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Create a tool tip text-box element using jQuery, CSS3, and HTML5

Ryan Boudreaux shows you how to create an easy tool tip element for your website using jQuery, CSS3, and HTML 5.
Tool tips have long been used in desktop word processing applications within the toolbar, where upon hovering over a particular item; a "tool tip" appears providing a short description of the selected function. Figure A displays the "Print Preview" tool tip in Microsoft Word, as an example.

Figure A

Tool tips have come a long way since the 1990s and have become common on websites as a GUI element that alerts readers to definitions, tips, and informative hints relating to the content. This tutorial will demonstrate how to use jQuery to display a text box using CSS3 styling within an HTML5 web page document.

The tool tip will take effect on any anchor <a> that has a class equal to tooltip (class="tooltip") and also contains a title attribute; on hover over the anchor, the tool tip will display the text of the title. This tool tip is easy to apply, as most of the work is done by the CSS3 and jQuery function.

The HTML5

First, we will start with several HTML5 elements in our web document including the doctype, character set, and meta description. Other HTML5 elements include header, hgroup, and section. The HTML5 web document page code snippet is displayed below:

<!DOCTYPE html>
<html lang="en">
  <head>
    <meta charset="utf-8">
    <title>Tooltip Using jQuery, CSS3, and HTML5 ~ Demo</title>
    <meta name="description" content="Tooltip Using jQuery, CSS3, and HTML5"></meta>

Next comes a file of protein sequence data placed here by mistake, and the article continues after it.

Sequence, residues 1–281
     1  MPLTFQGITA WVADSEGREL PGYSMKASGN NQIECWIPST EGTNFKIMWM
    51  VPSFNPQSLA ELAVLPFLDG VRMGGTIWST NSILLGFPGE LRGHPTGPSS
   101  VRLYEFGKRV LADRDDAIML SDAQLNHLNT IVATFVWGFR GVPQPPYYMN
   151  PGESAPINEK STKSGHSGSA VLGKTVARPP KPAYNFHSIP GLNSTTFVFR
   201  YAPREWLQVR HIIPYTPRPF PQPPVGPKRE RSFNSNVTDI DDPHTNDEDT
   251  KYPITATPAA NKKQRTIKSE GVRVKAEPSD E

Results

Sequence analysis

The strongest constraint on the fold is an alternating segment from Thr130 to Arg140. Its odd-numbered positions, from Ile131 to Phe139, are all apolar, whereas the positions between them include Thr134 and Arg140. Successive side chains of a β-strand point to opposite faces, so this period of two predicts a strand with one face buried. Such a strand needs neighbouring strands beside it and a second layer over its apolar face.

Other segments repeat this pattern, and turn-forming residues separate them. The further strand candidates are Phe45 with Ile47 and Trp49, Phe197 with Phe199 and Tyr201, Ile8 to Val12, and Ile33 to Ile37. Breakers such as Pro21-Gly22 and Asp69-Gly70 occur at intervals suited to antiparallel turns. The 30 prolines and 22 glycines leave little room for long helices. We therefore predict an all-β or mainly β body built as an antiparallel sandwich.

<script src="scripts/jquery.js" type="text/javascript"></script>
    <link rel="stylesheet" href="styles.css" type="text/css" media="screen" />
</head>
<body>
    <section class="topsec">
      <header>
          <hgroup>
            <h1>Demo ~ Tool tip Tutorial</h1>
            <h2>Using jQuery, CSS3, and HTML5</h2>
          </hgroup>
      </header>
    </section>
    <section class="main">
    </section>

Within the main section we will add in our example anchors with the appropriate class and titles that we want to have displayed as tool tips. The code snippet below is added to the main section as one of the example tool tips.

<p>Typically, you will find tool tips are used to help define a term or acronym, for example <a href="" class="tooltip" title="Hypertext Markup Language" >HTML</a>, or <a href="" class="tooltip" title="Cascading Style Sheet" >CSS</a>.

Note that the anchor href attribute examples above do not actually specify a URL, they are specifically left blank (href="") so that only the tool tip is displayed, and when clicked, the anchor does not lead to any other web page.

The CSS3

The styles utilized in this demonstration illustrate several CSS3 properties including background-image, text-shadow, border-color, box-shadow, and border-radius.

Playing with the border-color property